Year of Award


Document Type


Degree Type

Doctor of Philosophy (PhD)

Other Degree Name/Area of Focus

Integrative Microbiology and Biochemistry

Department or School/College

Department of Chemistry and Biochemistry

Committee Chair

J. Stephen Lodmell

Commitee Members

Jean-March Lanchy, Scott Samuels, Scott Wetzel, Kent Sugden


CGI, CGI, gag, HIV-2, RNA, translation


University of Montana


HIV-2 tightly regulates several steps of its replication cycle via regulatory elements found within the 5 untranslated region of HIV-2 genomic RNA. Two elements of interest are the 5 UTR intron and the proposed long distance base pairing interaction between the C-box and G-box termed the CGI. This research focuses on the effects of 5 UTR splicing and the CGI in HIV-2 translation and replication. The central hypothesis is that both 5 UTR splicing and the CGI modulate HIV-2 translation and replication. This hypothesis was tested and supported by employing in vitro translation assays, SELEX, and cell culture studies. Results of these experiments demonstrate that splicing of the 5 UTR intron produces an isoform of gag mRNA that is specialized for high translational efficiency. Further, evidence is provided for a novel branched secondary structure within the CGI that is important for HIV-2 replication. In addition, we show that mutation of the C-box alone can enhance RNA encapsidation and mutation of the G-box can alter levels of Gag protein isoforms. These studies suggest coordinated regulation of RNA translation, dimerization, and encapsidation during HIV-2 replication. This research provides new insight into HIV translational mechanisms, in turn identifying potential antiviral targets that may be exploited for antiviral therapeutic strategies.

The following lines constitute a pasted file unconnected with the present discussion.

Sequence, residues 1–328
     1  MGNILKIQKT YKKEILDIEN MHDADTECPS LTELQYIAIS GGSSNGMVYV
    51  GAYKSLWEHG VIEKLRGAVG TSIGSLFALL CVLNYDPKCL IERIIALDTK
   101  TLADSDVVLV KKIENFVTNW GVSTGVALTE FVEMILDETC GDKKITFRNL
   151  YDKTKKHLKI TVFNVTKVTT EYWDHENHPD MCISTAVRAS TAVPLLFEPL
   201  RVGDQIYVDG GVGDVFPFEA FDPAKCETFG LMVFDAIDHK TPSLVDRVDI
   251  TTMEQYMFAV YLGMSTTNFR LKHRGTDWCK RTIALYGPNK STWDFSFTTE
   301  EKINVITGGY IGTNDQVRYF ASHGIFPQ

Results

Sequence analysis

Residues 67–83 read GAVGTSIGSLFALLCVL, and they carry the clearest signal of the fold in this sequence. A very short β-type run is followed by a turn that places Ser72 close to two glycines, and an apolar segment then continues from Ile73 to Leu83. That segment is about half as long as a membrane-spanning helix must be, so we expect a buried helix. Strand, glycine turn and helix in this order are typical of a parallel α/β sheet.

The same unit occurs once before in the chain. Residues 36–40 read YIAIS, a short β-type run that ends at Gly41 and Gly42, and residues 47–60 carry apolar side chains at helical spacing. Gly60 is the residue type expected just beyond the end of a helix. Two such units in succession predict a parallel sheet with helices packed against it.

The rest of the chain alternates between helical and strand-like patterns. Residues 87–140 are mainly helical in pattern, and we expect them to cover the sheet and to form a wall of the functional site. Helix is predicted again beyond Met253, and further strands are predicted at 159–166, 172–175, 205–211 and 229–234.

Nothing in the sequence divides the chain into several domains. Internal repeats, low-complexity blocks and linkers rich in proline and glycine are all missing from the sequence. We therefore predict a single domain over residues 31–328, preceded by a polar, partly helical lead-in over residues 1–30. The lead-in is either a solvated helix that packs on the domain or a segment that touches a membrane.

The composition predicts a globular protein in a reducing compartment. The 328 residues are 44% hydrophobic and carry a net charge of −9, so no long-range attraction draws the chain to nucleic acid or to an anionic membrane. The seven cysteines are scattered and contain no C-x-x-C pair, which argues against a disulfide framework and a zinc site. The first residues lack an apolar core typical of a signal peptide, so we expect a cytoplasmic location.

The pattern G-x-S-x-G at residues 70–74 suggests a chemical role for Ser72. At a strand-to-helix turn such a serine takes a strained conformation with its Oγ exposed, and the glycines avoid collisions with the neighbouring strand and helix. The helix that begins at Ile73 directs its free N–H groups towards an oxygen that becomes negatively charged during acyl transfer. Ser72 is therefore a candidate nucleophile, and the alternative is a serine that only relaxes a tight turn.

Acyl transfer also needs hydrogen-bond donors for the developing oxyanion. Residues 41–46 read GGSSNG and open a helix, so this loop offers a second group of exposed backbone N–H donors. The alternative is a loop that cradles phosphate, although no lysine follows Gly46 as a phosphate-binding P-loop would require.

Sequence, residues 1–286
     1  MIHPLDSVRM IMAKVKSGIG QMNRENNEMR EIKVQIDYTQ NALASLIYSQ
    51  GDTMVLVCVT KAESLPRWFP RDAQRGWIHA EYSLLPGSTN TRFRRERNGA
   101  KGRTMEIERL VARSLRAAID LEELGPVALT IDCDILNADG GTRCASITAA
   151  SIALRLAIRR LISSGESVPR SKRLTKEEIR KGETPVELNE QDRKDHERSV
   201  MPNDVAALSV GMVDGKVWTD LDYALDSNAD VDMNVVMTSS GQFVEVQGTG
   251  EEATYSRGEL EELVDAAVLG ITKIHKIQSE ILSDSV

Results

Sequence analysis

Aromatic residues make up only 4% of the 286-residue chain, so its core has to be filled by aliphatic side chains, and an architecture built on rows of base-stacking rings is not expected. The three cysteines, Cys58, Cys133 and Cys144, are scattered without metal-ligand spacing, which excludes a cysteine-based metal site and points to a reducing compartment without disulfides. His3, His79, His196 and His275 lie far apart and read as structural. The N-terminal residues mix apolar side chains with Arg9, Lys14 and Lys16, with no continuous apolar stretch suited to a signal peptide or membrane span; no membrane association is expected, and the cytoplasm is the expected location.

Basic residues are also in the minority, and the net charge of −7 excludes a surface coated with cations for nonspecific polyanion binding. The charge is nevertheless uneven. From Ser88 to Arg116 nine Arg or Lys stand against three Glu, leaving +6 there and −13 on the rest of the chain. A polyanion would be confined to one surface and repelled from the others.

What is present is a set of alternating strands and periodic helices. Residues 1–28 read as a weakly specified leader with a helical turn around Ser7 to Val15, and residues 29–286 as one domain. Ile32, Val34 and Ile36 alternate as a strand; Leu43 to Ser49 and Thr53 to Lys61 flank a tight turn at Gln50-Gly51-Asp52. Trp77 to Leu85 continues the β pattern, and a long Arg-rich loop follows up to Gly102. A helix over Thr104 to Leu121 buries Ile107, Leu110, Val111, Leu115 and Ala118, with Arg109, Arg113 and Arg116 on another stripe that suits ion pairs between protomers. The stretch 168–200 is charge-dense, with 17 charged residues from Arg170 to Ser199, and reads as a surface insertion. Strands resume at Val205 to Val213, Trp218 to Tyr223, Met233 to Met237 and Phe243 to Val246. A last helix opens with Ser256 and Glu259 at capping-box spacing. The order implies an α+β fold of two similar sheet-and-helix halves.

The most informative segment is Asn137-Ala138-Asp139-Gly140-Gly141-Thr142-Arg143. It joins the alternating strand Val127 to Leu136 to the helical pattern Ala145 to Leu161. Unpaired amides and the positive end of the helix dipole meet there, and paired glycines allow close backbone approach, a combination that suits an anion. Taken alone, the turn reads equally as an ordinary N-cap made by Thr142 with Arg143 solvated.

© Copyright 2011 Christy Strong